The Open System for Master Production Scheduling: Information Technology for Semantic Connections between Data and Mathematical Models

The Open System for Master Production Scheduling: Information Technology for Semantic Connections between Data and Mathematical Models

Hyoung-Gon Lee (Massachusetts Institute of Technology, USA), Edmund W. Schuster (Massachusetts Institute of Technology, USA), Stuart J. Allen (Marysville, USA) and Pinaki Kar (New York, USA)
DOI: 10.4018/978-1-4666-0933-4.ch001
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Commonly provided by ERP vendors, master production scheduling (MPS) systems often strive to meet the needs of a large user base while limiting software functionality. Subsequently, business process reengineering becomes the means for firms to adapt to MPS software packages. This article develops a flexible approach for MPS delivery as an alternative to packaged software. The article examines the general case of open system architecture to deliver a specific master scheduling model to end-users. The open system approach fulfills a goal to standardize and speed the process of modeling in practice by creating a supply network for mathematical models that is searchable across the Internet with precision. The value lies on quickly putting state-of-the-art modeling in the hands of many users with no local computer implementation other than downloading an Excel spreadsheet.
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The master production schedule (MPS) is an important tool for manufacturing firms. It is the core system for determining customer service levels and inventory targets. Many industries such as food processing use MPS computing systems as part of operations planning.

For make-to-stock manufacturing characteristic of the consumer goods industries, a planner must calculate the amount of production needed per day to meet anticipated customer demand, which is seldom constant. This is the MPS. A common example is the schedule of end-item production for a fruit juice or soft drink bottling line.

The primary inputs for the calculations are the beginning inventory level for each end-item and the sales forecast. Other inputs include holding and setup cost, manufacturing rate, setup time for each end-item, and the amount of production capacity.

The process of converting a sales forecast into a feasible production schedule is a complex problem. In most situations, there are many end-items to schedule. Retail promotions and differences in consumer preferences cause a wide range of demand patterns, creating an irregular interval of production.

Because of this complexity, mathematical models of various types are the means used by planners to speed calculations and to optimize cost. The origin of personal computers has led to a 25-year trend toward model-based, MPS systems. Programmers translate complex MPS algorithms, some involving optimization, into code that runs on a personal computer or other enterprise platforms.

Each year new MPS models appear in the operations management literature. Advances include improved algorithms and model formulations for even more sophisticated problems. However, the rate of implementation is low. Successful modeling approaches often take years to enter practice.

Enterprise Resource Planning (ERP) vendors offer MPS computing systems as part of large manufacturing software packages. To meet the needs of a diverse user base, ERP vendors limit the amount of functionality to the lowest common level. In turn, business process re-engineering becomes the means for firms to adapt to the limited functionality.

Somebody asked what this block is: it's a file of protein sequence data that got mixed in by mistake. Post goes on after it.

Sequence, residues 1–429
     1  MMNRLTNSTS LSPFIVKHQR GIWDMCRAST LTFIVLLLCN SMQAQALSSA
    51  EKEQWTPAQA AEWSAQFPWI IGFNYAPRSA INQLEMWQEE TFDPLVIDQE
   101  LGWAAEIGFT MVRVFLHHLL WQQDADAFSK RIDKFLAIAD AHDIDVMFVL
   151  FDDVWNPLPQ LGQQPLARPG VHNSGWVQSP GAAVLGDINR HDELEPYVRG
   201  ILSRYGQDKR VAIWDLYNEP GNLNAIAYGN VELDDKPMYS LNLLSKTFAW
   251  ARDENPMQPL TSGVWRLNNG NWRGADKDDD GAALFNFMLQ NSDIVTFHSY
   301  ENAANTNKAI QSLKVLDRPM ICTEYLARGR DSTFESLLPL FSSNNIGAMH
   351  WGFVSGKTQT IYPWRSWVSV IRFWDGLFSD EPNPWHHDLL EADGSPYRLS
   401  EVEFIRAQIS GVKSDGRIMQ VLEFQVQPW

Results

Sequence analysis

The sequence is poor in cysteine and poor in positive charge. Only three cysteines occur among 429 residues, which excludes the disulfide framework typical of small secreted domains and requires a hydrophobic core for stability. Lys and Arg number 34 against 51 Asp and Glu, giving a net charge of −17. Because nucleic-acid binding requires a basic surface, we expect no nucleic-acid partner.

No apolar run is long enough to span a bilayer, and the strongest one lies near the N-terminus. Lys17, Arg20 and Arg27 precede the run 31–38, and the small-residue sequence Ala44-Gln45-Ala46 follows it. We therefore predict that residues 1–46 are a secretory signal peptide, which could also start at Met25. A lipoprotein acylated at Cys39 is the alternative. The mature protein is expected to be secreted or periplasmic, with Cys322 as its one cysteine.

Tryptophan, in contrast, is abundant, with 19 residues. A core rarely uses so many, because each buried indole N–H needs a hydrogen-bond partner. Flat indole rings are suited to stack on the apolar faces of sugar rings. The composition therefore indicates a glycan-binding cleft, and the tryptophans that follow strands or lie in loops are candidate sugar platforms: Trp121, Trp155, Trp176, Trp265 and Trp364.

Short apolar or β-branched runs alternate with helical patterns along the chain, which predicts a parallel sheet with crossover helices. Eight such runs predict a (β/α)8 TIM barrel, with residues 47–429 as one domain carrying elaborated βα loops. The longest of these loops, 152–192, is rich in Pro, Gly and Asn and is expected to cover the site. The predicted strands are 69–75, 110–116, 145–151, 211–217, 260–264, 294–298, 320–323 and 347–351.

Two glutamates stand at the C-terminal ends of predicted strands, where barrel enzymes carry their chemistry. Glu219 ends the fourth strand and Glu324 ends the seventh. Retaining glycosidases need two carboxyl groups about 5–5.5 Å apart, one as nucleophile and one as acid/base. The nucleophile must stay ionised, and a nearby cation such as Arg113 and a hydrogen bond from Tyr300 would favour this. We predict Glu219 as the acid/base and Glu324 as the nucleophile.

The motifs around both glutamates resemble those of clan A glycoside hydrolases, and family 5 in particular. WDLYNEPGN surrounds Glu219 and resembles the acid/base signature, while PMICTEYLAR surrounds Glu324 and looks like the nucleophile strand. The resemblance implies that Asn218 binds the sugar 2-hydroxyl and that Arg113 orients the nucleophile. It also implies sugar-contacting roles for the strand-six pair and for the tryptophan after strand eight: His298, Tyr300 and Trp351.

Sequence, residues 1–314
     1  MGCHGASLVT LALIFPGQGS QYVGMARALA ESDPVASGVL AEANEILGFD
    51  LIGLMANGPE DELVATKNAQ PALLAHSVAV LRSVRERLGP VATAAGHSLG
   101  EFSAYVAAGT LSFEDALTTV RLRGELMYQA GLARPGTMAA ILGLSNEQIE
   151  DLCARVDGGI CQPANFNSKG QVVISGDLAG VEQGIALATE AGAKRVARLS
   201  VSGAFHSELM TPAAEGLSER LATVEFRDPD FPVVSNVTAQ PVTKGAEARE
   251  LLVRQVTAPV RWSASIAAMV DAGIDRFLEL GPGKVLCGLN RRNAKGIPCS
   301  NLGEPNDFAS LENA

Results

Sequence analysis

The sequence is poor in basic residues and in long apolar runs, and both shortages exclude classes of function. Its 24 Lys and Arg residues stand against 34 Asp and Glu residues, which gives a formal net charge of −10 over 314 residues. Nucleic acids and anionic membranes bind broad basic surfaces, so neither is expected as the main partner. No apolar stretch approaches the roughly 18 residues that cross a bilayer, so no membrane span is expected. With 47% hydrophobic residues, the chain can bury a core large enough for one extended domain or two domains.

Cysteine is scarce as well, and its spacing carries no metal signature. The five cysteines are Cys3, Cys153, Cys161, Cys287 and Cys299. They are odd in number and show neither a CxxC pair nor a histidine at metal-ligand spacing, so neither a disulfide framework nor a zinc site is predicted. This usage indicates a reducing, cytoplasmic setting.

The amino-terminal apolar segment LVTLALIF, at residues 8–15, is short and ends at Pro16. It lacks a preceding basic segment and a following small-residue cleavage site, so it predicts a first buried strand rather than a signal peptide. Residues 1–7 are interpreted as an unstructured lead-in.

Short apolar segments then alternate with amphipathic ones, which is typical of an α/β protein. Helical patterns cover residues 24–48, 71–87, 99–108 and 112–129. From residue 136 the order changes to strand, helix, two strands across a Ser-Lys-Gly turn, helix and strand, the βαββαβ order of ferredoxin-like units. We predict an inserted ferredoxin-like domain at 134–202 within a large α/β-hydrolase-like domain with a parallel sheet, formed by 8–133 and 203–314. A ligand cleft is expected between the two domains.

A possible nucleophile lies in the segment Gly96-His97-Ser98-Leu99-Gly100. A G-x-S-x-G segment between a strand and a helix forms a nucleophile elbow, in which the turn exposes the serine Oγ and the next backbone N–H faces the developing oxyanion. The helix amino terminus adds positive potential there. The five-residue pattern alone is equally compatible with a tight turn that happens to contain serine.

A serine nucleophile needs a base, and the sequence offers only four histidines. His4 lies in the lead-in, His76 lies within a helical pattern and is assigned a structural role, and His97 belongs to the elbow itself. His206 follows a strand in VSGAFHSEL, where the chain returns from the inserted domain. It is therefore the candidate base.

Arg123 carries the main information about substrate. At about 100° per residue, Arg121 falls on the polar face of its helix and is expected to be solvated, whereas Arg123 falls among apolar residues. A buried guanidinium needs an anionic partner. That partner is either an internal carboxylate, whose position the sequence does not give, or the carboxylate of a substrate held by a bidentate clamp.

A criticism exists that research relating to MPS systems for manufacturing operations is lacking in the evolving context of supply chain management (Lee, 2008; Shi & Xiao, 2008). Further, it is evident that no single software solution exists for calculating the MPS across all make-to-stock industries. Hence, a flexible approach for the delivery of a specific MPS model matched to a particular operational situation would be valuable to many firms, both in the United States and worldwide.

An emerging trend in Internet computing offers an innovative way to make MPS software available to practitioners. With the recent successes of Apple’s iTune’s and Google Apps, an Internet-based architecture called Software-as-a-Service (SaaS) is becoming widely adopted in industry. One analyst estimates that virtually all new software will eventually use the SaaS approach (Ray, 2008). and NetSuite, inc. already deliver large volumes of browser-based software through SaaS. This is an alternative for companies facing the high cost of software implementations (Lee & Schuster, 2007).

Building on the SaaS trend, this paper examines the Open System for Master Production Scheduling (OSMPS), which allows access to a sophisticated mathematical model from any Internet connection worldwide. The architecture provides interoperability along with a form of portability, and complies with open software standards (Killen, 1992). In contrast to Open Source (Ven, Verelst, & Mannaert, 2008) where users have unrestricted access to the code, the OSMPS only exposes the interface to a mathematical model via standard Internet protocols such as Simple Object Access Protocol (SOAP) and Web Service Definition Language (WSDL).

The components of the OSMPS are two-fold:

  • 1.

    A computer model for calculating the MPS called the Modified Dixon-Silver Heuristic (MODS) (Allen, Martin, & Schuster, 1997), which resides on a server.

  • 2.

    The M Dictionary (Brock, Schuster, Allen, & Kar, 2005; Brock, Schuster, & Kutz, 2006), an Internet-based way of achieving machine-understandable semantics for describing data fields that are inputs, outputs, and attributes of a mathematical model.

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